Keysight has built LLM-based solutions for multiple areas of the testing cycle. Each has its own contexts, but in general the Keysight quickly discounted the possibility of using any public LLM as the risk of leaking corporate intellectual property made it a non-starter. Also it wished the solutions it built to be relatively inexpensive. Like most companies building internal LLMs, Keysight went for a RAG-based solution.

The point here, if you were not aware, is that vanilla LLMs suffer from providing hallucinated (i.e. wrong) answers, so a technique has been built which blends a knowledge-base with the LLM so that the LLM consults the knowledgebase when producing a response and in doing so provides references to where it acquired its information. Nowadays, almost all private LLMs have some kind of RAG-based architecture. (RAG stands for Retrieval-Augmented Generation).

Keysight took examples of formal requirements specification standards and, for practical reasons, fed them through to generate Gherkin (a plain text specification language) into the LLM.  Further transformations are created into the programming languages SenseTalk and Python to produce model building and coding output.

A representation of what this looks like in provided by the following slide:

Fig 02 - Keysight GAI Architecture

Fig 02 – Keysight GAI Architecture

At the top of the illustration on the left-hand side we see a set of requirements as input to the Gen AI Engine. The input is first translated into a set of automation scripts. The second translation can either generate program code (in Python) or natural language output for modeling. The screen at the bottom illustrates what the user sees. It is worth pointing out the Multimodal Gen AI Engines uses a Mixture of Experts for Large Vision-Language Models (MoE-LLaVA) each for different purposes such as for language interoperation, vision for screen identification and code generation.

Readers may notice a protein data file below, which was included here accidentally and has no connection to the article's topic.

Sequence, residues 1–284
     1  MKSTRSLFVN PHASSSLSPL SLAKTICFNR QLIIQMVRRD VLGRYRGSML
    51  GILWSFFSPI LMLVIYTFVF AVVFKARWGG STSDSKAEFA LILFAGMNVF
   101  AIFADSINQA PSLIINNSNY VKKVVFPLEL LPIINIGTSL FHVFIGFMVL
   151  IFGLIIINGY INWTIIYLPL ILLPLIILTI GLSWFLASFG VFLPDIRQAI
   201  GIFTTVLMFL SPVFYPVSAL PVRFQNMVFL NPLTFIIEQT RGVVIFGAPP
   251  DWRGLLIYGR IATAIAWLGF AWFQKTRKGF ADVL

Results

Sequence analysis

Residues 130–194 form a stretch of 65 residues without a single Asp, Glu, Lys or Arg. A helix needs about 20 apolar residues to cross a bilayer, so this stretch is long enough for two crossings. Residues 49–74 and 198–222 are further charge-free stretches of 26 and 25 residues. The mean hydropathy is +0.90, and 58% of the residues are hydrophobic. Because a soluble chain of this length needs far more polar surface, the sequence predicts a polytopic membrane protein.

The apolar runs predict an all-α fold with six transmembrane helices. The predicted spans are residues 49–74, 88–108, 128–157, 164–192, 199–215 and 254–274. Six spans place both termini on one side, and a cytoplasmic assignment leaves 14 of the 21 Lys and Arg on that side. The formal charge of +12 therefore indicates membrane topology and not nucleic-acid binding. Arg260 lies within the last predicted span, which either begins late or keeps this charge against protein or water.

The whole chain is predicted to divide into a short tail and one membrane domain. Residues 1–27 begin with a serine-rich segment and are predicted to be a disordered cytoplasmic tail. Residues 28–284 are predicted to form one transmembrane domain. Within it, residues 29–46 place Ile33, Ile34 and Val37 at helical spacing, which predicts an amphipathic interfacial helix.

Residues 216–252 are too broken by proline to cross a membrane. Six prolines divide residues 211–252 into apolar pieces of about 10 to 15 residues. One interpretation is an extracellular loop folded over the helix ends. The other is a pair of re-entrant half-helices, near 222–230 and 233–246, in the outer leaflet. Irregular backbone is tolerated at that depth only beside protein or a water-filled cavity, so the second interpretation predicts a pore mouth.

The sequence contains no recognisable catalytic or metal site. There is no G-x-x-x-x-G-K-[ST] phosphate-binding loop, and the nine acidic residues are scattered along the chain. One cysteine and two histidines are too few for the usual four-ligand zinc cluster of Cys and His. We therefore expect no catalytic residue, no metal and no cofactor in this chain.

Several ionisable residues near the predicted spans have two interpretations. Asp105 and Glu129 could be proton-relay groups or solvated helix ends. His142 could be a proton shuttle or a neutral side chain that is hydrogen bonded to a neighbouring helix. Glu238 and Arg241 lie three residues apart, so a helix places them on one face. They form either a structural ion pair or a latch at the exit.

As shown the engine will run on a laptop – make it the latest processor and provide 16 GB of memory – and currently it will run slow. It may take, say three hours to process 10gb of information. But never mind, when you think of what it is doing and how fast it is getting done, you’ll probably be happy to drink a few coffees and get on with your email (on another device by the way).

The bottom line

Keysight has developed so much with Gen AI, that it is impossible to capture it all in a single blog. It would require a long paper.

Across the IT industry businesses are grasping the Gen AI nettle and engineering it into their products. Testing seems to be an excellent area, perhaps even the best area for its application – after all many of the errors that occur within the development and maintenance life-cycle stem from the use of language. If Gen AI cannot make a big impact here, then where?

And those who currently have the need to accelerate their testing activity should take a close look at what Keysight has done.